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Proc Natl Acad Sci U S A. 2004 Jul 27;101(30):10961-6. Epub 2004 Jul 15.

A force-dependent switch reverses type IV pilus retraction.

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Department of Biological Sciences, Columbia University, 1212 Amsterdam Avenue, New York, NY 10027.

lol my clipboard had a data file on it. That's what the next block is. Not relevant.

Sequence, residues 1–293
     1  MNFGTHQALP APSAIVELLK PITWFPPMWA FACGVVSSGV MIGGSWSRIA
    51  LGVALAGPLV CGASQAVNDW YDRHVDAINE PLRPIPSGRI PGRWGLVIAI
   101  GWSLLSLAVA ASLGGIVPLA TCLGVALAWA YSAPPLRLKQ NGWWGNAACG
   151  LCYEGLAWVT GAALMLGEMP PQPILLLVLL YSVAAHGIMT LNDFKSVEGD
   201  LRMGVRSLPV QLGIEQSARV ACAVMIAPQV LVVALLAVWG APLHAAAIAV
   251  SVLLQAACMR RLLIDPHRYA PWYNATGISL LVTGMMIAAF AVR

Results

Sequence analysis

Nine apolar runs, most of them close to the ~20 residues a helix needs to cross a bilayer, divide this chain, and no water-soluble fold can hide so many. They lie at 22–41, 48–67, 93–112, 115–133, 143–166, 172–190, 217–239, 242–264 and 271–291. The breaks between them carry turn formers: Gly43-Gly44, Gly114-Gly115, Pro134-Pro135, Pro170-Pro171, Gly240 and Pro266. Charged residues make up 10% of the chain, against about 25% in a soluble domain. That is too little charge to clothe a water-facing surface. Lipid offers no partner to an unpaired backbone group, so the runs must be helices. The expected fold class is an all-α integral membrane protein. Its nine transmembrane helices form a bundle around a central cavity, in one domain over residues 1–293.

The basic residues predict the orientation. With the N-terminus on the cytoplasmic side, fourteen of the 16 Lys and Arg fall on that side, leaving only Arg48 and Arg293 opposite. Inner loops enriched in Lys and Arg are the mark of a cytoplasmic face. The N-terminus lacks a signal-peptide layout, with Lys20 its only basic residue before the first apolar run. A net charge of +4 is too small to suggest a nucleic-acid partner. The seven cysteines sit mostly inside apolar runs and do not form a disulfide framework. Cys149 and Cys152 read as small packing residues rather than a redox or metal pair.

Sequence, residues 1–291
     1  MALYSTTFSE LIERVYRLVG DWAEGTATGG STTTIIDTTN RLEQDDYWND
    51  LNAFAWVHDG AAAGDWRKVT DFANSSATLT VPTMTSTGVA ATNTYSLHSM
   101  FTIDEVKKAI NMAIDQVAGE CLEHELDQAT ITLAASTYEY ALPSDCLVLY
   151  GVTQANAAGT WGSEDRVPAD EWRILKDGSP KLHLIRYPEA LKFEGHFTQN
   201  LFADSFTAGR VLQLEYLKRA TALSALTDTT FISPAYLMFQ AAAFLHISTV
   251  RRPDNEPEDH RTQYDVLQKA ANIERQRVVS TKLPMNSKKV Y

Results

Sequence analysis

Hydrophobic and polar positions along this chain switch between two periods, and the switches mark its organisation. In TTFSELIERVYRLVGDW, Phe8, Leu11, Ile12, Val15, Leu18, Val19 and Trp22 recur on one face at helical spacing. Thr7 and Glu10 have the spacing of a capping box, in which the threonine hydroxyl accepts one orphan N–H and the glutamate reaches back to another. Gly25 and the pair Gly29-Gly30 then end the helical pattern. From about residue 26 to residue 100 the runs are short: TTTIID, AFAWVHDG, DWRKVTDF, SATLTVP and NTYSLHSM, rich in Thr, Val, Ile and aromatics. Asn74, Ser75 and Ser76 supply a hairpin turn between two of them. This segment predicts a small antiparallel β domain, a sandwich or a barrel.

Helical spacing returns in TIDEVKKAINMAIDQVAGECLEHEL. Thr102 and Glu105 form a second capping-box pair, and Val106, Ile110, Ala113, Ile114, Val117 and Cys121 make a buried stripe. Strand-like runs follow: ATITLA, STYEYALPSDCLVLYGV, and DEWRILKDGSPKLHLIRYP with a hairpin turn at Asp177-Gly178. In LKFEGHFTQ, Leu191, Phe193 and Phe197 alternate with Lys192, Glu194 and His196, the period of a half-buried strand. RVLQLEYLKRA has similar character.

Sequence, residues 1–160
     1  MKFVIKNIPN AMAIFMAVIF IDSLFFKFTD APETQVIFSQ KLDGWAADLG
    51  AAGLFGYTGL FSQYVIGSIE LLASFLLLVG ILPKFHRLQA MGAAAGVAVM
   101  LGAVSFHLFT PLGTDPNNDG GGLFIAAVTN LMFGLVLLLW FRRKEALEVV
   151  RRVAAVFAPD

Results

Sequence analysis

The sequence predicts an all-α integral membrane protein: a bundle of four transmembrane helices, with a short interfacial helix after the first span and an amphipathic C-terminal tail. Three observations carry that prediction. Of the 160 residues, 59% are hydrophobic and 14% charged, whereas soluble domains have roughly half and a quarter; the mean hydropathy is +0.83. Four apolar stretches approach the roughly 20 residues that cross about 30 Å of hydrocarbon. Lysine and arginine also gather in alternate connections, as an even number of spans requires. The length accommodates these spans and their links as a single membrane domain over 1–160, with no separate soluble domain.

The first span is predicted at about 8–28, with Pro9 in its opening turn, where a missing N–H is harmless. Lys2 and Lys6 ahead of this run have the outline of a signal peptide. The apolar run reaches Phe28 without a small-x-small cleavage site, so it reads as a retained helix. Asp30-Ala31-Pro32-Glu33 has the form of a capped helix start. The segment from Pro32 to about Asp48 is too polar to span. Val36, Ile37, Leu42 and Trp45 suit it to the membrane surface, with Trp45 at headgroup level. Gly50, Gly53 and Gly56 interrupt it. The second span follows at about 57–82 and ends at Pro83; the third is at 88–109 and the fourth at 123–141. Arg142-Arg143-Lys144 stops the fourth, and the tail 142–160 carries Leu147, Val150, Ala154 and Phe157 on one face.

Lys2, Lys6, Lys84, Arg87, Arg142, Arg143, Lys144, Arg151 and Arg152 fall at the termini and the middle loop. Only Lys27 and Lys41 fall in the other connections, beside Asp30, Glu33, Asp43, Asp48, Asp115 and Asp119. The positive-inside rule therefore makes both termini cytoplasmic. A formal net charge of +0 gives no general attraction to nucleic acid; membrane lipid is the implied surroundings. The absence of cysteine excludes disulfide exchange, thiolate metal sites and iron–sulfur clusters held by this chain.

Type IV pilus dynamics is important for virulence, motility, and DNA transfer in a wide variety of prokaryotes. The type IV pilus system constitutes a very robust and powerful molecular machine that transports pilus polymers as well as DNA through the bacterial cell envelope. In Neisseria gonorrhoeae, pilus retraction is a highly irreversible process that depends on PilT, an AAA ATPase family member. However, when levels of PilT are reduced, the application of high external forces (F = 110 +/- 10 pN) induces processive pilus elongation. At forces of >50 pN, single pili elongate at a rate of v = 350 +/- 50 nm/s. For forces of <50 pN, elongation velocity depends strongly on force and relaxation causes immediate retraction. Both pilus retraction and force-induced elongation can be modeled by chemical kinetics with same step length for the rate-limiting translocation step. The model implies that a force-dependent molecular switch can induce pilus elongation by reversing the retraction mechanism.

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